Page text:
Questions welcomed.
 

animalmom

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It isn't that I don't have questions but rather I don't know how to phrase them. i understand the need to reassure the second dog.

How, outside of your vast million year experience with dogs, do you know when to stop the argument? My three ranch dogs, not livestock guardians, have their job of keeping things in the pens in the pens and things that don't live in the pen out of the pen. They are good at that, so good that when I load goats into transport cages they will follow the truck out wanting their goats back in the pen. Single minded.

Rarely do they get into down and out disagreement with each other, nevertheless, I worry about what to do if there is a real fight. What does one who is not trained and experienced like you do to stop an escalation prior to a real dog fight?

The three dogs are: a border collie/red heeler spayed female (top dog) who is 5 1/2 years old, a Rhodesian Ridgeback going on 4 years (very submissive but in the one and only dog fight she gave as good as she got and "stayed in the fight", not spayed, and her son a Rhodesian/lab neutered male almost 11 months old, who's favorite word is "What?".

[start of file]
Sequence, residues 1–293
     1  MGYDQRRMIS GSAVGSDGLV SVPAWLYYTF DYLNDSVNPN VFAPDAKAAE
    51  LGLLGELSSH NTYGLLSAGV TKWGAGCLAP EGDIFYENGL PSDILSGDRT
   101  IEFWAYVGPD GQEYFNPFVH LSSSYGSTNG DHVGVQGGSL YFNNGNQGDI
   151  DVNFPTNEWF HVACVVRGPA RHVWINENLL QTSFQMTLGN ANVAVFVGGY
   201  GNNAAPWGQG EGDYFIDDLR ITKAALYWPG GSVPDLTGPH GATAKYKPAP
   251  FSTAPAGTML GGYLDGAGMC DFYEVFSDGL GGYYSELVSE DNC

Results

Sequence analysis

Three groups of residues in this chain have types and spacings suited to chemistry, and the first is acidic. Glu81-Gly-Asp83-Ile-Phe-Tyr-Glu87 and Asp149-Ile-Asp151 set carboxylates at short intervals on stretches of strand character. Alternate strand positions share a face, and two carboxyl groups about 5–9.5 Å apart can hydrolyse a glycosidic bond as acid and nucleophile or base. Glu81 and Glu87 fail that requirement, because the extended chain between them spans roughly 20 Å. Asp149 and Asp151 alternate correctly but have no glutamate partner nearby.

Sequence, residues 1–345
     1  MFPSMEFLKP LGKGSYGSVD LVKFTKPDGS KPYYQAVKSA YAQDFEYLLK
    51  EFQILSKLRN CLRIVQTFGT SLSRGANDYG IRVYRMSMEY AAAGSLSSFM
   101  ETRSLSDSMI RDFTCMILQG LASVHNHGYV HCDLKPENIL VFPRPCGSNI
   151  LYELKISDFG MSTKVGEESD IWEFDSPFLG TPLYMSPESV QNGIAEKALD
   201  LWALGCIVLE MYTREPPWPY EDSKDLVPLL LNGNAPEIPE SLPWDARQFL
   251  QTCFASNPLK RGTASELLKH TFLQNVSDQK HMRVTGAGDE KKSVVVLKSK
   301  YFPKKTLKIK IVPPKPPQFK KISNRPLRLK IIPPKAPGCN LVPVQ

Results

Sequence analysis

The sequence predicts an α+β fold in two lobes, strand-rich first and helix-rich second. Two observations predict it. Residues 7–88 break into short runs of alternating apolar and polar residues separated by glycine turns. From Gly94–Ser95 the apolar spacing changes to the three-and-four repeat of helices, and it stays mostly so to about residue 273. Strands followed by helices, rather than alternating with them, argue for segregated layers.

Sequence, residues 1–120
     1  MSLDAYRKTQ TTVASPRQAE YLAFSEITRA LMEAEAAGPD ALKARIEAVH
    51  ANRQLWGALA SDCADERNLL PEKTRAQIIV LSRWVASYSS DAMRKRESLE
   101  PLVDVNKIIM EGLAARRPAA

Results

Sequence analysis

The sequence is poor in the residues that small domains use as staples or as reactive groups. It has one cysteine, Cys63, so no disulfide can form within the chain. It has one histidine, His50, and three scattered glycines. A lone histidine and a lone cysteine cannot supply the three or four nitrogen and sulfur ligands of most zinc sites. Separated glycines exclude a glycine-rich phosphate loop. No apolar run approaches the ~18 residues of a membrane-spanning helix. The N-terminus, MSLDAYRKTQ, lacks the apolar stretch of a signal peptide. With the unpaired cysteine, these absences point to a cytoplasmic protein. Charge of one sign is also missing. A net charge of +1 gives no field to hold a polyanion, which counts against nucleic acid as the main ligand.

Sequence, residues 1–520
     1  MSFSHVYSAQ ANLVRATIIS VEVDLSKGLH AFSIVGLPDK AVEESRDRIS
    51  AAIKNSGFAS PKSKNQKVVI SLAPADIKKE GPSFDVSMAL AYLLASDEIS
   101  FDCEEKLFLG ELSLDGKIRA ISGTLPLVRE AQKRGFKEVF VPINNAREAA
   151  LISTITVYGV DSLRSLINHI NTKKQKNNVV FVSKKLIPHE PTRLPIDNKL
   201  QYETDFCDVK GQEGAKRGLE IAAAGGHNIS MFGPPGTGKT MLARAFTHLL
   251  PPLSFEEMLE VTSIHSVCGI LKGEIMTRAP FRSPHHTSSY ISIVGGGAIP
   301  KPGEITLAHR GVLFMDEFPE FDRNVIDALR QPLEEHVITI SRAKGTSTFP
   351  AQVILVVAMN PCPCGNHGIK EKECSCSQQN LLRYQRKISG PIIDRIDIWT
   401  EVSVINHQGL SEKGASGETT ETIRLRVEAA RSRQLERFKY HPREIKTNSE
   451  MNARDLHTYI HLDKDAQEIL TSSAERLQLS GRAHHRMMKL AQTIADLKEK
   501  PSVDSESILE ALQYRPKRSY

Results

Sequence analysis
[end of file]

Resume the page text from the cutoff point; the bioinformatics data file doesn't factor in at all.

I don't know if you have suggestions, and it is ok if you don't. This thread will be an education regardless, and I appreciate your sharing your teaching moments. Dogs are only trained as well as the owners are trained and I am willing to learn.
 

Southern by choice

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I'd ask you and anyone else reading to try this exercise.

Get a stopwatch or clock with a secondhand- now do NOTHING else but for 1 minute- to 1 minute 30 seconds. YEP 60-90 seconds do nothing... no reading, no talking, simply nothing but standing there with no distractions and to where you are not even visually engaged.

I'll wait for you to do this before I explain. :)
 

Baymule

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My female GP and my female Australian Shepherd despise each other. Polly the Aussie will attack Paris the GP and the fight is on. Or Polly will snarl at Paris and that is an affront to the Queen's dignity. The fight is on. I go to great lengths to keep then separate.

Breaking up the fight? Last one took my DH and me to pull them apart and Polly went to the vet to get the gash in her head stapled.

If we didn't jump in, Paris would kill Polly. Polly has always been the instigator and goes down fighting, but she would lose.